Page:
I am afraid that you will not see much Islamic architecture in the Middle East. Much architecture has been bombed flat, whereas Andalusia and the Maghreb are much better preserved; possibly also in Iran (I am not recommending that you go there unless you know what you are doing).
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DerekB
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Re: Recuerdos de la Alhambra

Post by DerekB » Mon Feb 26, 2018 5:10 pm

I am fairly sure Tarrega would have had the place more or less to himself. By the beginning of the nineteenth century the Alhambra had fallen into total neglect and disrepair. He might have seen some of the restoration work going on. Restoration began after the place was discovered by foreigners - mostly British and American.

Also tourism was much more limited in those days and travel was much more difficult and expensive. Until well into the twentieth century Spain was regarded as hopelessly backward and exotic. There was even a saying "Africa begins at the Pyrenees". Attitudes really only started to change with the beginning of mass tourism in the 1960s.

To answer Whiteagle's question, yes it is worth a visit but it is not as good as the cathedral in Cordoba. The Alhambra was done on the cheap and the most beautiful features are the elaborate plasterwork. The exteriors are plain and dull if somewhat imposing.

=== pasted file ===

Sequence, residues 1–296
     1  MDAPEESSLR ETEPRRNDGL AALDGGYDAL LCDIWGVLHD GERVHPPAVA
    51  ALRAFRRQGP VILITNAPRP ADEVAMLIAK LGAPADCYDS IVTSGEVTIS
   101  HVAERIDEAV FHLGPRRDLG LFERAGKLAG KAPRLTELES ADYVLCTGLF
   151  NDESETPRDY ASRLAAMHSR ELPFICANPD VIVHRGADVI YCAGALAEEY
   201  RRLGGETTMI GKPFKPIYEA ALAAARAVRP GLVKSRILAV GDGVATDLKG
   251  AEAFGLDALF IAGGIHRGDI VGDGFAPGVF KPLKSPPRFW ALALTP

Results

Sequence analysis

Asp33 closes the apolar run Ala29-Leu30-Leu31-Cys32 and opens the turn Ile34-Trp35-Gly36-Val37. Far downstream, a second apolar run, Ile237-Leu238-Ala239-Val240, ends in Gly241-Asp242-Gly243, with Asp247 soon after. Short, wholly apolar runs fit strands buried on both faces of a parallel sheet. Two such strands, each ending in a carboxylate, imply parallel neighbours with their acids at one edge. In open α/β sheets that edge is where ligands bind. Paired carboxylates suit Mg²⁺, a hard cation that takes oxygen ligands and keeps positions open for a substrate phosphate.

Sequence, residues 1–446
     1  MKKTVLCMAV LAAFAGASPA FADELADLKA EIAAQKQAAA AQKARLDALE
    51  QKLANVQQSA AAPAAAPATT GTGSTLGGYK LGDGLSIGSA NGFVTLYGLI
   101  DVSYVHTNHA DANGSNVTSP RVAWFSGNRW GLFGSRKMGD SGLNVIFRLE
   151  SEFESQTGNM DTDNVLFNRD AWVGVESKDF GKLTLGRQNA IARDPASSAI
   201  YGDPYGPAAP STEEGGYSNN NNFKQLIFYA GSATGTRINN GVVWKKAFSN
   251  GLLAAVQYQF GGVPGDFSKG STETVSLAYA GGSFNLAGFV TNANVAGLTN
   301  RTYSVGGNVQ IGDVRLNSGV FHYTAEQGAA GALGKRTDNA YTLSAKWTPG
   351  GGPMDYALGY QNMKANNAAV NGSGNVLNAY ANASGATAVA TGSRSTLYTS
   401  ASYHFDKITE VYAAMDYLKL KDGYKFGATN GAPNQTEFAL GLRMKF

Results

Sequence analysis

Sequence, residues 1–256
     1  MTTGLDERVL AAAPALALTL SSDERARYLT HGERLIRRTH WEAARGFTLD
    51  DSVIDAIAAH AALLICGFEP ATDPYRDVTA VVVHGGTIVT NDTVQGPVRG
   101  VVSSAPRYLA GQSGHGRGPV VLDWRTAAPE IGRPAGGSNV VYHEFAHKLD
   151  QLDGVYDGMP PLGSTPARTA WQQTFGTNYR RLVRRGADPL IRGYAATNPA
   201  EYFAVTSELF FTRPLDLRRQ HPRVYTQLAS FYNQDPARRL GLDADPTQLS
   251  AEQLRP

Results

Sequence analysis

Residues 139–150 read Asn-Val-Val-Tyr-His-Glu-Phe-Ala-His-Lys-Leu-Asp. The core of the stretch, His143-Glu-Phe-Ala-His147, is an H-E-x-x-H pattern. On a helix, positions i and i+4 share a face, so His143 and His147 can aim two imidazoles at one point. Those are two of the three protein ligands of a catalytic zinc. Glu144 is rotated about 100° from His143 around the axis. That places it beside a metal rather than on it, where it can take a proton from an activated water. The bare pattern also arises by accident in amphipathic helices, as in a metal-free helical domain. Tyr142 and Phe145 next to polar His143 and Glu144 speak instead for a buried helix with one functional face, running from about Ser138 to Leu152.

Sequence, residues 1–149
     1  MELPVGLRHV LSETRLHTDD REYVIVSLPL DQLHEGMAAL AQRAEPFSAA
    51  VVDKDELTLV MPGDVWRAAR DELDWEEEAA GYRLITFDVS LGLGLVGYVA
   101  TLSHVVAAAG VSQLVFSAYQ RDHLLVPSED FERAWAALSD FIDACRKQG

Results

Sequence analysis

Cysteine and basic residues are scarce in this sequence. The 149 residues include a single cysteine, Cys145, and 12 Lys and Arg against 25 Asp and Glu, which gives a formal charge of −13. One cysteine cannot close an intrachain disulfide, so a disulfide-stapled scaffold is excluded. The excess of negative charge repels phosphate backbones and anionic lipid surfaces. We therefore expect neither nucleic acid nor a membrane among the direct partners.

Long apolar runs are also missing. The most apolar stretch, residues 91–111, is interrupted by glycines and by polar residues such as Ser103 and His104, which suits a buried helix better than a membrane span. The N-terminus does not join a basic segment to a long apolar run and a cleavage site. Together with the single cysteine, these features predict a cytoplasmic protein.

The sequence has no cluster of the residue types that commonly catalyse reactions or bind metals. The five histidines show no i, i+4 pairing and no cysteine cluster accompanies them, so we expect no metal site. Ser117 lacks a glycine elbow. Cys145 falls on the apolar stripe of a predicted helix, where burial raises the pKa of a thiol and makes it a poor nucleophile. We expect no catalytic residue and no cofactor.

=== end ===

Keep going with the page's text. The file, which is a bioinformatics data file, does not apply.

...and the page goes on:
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Mike Atkinson
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Re: Recuerdos de la Alhambra

Post by Mike Atkinson » Mon Feb 26, 2018 6:33 pm

I'll be going later this year. I'll give you all an update <wink>
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DerekB
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Re: Recuerdos de la Alhambra

Post by DerekB » Mon Feb 26, 2018 6:42 pm

Mike Atkinson wrote:
Mon Feb 26, 2018 6:33 pm
I'll be going later this year. I'll give you all an update <wink>
Get there early the queues are horrendous.
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el Corcobés
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Re: Recuerdos de la Alhambra

Post by el Corcobés » Mon Feb 26, 2018 10:21 pm